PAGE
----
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US Attorney General to Accept Recommendations in Clinton Email Case

United States Attorney General Loretta Lynch speaks to Reuters in an exclusive interview in Phoenix, Arizona, U.S., June 28, 2016.
United States Attorney General Loretta Lynch speaks to Reuters in an exclusive interview in Phoenix, Arizona, U.S., June 28, 2016.

U.S. Attorney General Loretta Lynch said she plans to accept the recommendations of career employees and federal agents looking into Hillary Clinton's use of a private email server during her time as secretary of state.

FBI officials are expected to conclude their investigation soon. Legal experts have said they do not expect any criminal charges to filed against the presumptive Democratic presidential nominee.

Speaking at a summit in Colorado on Friday, Lynch insisted that career agents and investigators with the Department of Justice are acting independently, and that their probe predates her tenure as attorney general.

"I fully expect to accept their recommendations," said Lynch, who has the option of modifying any possible charges against Clinton. She later said she "will be" accepting the findings. The apparent contradiction between the two statements was not explained.

Lynch also said it was "perfectly reasonable" for people to question her impromptu meeting earlier this week with former President Bill Clinton, the presidential candidate's husband.

Many Republican lawmakers say the meeting may have compromised the email investigation, which they had already complained was not being handled impartially.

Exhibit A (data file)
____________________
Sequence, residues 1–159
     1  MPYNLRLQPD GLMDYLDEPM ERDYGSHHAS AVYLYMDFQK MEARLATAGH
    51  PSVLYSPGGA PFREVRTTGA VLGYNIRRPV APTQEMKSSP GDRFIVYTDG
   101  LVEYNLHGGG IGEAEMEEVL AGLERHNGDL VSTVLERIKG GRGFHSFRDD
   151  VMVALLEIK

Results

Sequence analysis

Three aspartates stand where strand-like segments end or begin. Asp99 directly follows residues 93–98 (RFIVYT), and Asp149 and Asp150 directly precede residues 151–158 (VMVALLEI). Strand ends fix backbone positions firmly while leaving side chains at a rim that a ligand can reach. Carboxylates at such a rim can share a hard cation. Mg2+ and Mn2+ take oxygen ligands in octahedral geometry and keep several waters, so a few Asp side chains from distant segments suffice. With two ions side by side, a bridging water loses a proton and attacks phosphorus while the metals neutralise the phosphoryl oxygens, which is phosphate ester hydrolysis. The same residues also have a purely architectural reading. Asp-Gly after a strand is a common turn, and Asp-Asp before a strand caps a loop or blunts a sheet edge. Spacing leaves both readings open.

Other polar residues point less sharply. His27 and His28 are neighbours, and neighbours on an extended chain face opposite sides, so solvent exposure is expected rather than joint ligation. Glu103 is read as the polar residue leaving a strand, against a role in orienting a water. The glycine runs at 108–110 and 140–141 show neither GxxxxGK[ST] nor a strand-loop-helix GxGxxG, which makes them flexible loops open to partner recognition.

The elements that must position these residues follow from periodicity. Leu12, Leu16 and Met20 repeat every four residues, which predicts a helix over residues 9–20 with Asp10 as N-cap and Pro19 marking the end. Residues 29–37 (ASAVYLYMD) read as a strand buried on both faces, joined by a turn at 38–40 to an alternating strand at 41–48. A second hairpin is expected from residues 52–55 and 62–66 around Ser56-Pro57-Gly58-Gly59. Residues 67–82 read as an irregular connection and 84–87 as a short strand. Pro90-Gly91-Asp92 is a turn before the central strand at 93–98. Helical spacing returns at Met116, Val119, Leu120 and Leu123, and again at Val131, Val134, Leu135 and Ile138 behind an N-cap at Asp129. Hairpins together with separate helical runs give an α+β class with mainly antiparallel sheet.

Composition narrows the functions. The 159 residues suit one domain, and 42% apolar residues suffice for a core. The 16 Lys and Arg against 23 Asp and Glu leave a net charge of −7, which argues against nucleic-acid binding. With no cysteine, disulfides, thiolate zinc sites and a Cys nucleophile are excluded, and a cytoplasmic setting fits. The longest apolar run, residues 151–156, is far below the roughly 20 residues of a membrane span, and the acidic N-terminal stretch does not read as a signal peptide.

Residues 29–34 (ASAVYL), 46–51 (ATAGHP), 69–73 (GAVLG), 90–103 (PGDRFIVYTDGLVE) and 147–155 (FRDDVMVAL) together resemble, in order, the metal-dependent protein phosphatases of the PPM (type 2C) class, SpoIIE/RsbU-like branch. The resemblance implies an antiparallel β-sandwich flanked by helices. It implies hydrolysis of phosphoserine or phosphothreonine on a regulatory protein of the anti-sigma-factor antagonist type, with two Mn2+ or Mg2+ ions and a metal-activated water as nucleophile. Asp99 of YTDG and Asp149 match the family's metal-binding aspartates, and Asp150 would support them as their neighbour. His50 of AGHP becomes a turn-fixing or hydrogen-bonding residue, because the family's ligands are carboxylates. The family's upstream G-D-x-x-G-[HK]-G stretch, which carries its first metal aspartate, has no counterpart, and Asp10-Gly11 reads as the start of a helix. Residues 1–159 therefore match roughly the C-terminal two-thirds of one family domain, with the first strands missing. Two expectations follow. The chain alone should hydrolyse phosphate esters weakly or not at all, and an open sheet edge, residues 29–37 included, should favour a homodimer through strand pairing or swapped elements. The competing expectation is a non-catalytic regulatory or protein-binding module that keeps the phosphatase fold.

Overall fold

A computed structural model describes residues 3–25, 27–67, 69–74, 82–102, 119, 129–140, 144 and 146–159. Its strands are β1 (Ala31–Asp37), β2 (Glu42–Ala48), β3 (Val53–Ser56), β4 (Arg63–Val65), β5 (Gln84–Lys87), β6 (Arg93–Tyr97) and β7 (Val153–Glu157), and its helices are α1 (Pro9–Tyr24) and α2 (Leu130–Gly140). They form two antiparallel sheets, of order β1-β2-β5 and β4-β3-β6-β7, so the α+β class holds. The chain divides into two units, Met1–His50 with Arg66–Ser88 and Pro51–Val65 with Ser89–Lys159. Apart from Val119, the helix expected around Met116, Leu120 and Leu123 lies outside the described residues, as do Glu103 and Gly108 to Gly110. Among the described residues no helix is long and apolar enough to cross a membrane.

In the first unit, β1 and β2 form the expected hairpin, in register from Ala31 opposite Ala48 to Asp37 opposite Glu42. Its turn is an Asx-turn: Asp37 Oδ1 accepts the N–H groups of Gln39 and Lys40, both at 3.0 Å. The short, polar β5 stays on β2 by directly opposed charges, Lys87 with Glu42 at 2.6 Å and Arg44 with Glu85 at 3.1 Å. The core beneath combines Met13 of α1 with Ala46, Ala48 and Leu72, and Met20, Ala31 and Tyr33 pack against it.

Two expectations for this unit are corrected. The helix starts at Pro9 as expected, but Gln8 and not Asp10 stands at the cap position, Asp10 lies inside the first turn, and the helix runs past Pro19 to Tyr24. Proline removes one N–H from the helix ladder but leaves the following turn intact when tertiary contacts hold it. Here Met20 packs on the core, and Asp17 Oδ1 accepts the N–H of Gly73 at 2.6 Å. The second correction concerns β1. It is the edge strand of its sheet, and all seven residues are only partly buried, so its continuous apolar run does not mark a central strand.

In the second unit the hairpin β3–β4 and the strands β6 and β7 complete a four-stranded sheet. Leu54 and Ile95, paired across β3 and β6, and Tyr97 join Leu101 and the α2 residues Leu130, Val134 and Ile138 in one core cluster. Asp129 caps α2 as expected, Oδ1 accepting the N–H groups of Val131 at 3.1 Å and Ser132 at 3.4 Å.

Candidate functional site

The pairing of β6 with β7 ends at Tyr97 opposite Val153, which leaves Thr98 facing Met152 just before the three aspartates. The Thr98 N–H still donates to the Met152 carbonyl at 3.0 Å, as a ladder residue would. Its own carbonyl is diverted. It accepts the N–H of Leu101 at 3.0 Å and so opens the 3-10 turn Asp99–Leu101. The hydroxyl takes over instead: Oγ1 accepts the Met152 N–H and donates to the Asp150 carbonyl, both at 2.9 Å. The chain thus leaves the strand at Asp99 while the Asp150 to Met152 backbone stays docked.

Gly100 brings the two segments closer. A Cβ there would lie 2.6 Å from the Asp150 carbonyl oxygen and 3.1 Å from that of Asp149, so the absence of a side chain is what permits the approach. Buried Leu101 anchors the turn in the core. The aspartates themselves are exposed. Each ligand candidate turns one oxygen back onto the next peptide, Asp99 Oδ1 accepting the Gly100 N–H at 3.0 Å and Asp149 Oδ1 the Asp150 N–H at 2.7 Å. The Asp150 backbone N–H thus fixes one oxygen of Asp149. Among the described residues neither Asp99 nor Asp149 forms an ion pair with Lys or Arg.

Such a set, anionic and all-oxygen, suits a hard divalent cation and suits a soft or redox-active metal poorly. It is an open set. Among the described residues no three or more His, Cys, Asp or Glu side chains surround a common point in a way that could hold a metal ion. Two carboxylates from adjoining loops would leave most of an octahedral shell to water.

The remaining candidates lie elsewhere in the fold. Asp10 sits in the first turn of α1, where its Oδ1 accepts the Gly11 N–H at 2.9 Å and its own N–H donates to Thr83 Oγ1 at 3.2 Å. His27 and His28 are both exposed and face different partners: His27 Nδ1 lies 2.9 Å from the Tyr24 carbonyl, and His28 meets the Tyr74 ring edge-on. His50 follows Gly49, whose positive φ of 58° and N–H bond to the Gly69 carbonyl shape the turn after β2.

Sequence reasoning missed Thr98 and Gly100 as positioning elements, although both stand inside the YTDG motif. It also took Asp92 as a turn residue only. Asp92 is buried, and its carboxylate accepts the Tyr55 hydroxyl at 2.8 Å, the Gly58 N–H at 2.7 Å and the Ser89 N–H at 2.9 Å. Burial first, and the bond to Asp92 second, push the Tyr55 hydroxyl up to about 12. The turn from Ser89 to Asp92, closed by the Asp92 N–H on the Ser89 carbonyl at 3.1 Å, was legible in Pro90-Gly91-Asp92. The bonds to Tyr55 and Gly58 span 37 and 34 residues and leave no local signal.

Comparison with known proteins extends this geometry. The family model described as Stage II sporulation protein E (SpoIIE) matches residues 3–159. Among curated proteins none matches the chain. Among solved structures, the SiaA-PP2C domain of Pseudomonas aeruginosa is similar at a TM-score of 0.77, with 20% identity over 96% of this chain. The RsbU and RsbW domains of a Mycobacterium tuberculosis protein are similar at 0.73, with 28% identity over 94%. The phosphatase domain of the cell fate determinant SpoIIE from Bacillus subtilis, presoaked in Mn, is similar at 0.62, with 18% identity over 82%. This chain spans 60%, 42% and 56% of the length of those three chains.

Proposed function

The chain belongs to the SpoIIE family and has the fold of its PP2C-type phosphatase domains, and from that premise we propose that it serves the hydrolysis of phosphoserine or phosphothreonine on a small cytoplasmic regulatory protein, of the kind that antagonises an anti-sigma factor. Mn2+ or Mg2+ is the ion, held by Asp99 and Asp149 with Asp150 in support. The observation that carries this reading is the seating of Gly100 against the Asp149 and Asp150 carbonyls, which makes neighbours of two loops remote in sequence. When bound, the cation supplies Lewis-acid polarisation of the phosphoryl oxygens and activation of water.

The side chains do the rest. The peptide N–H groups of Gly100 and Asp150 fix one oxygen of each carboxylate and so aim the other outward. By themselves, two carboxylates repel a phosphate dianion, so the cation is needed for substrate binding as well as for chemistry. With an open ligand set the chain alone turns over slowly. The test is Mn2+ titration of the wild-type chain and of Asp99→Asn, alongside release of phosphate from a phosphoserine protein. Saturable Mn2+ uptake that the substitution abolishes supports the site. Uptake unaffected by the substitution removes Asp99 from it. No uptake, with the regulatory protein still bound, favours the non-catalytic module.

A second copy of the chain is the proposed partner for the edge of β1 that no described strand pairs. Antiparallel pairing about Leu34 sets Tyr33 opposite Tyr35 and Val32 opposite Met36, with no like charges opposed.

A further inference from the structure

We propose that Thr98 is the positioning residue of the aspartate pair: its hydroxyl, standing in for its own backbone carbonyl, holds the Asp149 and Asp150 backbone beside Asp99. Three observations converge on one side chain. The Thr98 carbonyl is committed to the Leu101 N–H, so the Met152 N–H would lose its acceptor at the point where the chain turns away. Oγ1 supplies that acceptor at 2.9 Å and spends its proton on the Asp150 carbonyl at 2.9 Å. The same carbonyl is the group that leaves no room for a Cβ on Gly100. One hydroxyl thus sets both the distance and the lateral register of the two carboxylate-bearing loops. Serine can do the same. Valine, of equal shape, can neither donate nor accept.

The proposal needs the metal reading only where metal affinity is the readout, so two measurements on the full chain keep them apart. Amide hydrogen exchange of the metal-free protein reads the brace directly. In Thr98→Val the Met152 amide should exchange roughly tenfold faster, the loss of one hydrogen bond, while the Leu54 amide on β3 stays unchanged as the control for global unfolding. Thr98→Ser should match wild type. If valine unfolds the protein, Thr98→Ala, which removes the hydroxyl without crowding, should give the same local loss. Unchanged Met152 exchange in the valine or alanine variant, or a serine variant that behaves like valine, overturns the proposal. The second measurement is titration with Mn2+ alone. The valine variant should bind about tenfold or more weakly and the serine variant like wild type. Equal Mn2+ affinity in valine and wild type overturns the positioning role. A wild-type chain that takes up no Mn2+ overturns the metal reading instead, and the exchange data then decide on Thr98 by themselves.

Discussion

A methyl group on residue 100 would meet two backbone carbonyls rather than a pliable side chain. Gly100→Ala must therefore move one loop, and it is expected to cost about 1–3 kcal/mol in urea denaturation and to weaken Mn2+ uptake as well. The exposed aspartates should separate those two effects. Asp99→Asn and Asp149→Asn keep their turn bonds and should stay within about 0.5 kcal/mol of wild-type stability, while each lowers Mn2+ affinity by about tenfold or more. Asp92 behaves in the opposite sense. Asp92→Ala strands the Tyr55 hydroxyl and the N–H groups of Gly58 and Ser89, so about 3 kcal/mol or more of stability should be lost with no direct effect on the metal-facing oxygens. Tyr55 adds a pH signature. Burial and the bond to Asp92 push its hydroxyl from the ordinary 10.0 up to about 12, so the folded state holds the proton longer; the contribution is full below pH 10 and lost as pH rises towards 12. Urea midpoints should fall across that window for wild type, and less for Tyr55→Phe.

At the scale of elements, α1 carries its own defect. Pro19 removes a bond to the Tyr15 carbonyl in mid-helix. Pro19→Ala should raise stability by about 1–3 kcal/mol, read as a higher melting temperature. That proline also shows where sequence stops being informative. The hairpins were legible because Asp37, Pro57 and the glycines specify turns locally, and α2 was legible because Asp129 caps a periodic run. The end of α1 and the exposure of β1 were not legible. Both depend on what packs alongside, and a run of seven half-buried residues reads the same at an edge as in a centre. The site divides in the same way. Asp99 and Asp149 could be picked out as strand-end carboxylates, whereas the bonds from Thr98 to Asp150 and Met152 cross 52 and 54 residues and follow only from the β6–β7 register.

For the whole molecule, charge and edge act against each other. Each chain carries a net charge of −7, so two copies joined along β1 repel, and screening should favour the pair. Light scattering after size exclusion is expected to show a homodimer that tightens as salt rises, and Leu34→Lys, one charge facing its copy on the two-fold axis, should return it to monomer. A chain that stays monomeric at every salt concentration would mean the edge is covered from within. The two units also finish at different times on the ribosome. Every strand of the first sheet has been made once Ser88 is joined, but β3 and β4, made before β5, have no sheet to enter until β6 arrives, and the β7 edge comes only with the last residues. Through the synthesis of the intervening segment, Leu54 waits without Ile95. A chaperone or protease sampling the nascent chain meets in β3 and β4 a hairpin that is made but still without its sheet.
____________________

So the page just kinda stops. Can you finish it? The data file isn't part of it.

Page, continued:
Lynch on Friday again insisted the 30-minute conversation on the tarmac at a Phoenix airport was primarily social, and focused on Clinton's grandchildren and recent travels.

"The meeting does not have a bearing on how this matter is being reviewed, prepared and accepted by me," Lynch said.

Asked whether she regrets not telling Clinton to "get off the plane," Lynch said: "I certainly wouldn't do it again. Because I think it has cast a shadow over what it should not have, over what it will not touch."

Some Democrats have also said the meeting was improper.

Donald Trump, Clinton's likely opponent in the presidential election, said he was "flabbergasted" at what he called a "sneak" meeting. "I've never seen anything like it before," he said on Thursday.

White House officials on Thursday were cautious in discussing the matter. Spokesman Josh Earnest said President Barack Obama expects no "political interference" in the Justice Department's investigation, but he also praised Lynch for answering questions about the meeting.

Hillary Clinton's presidential campaign has not commented.

Clinton has consistently denied breaking any rules when she used a single email system, based inside her New York home, for private and official business while she was secretary of state. She has said she would do things differently now.

The FBI has been probing whether using a personal email account put national security in peril. The Justice Department has been looking into whether classified information was mishandled.

Officials are supposed to use government email accounts both because of national security concerns and federal record keeping requirements, though several high-level officials have chosen to use personal systems in recent years.

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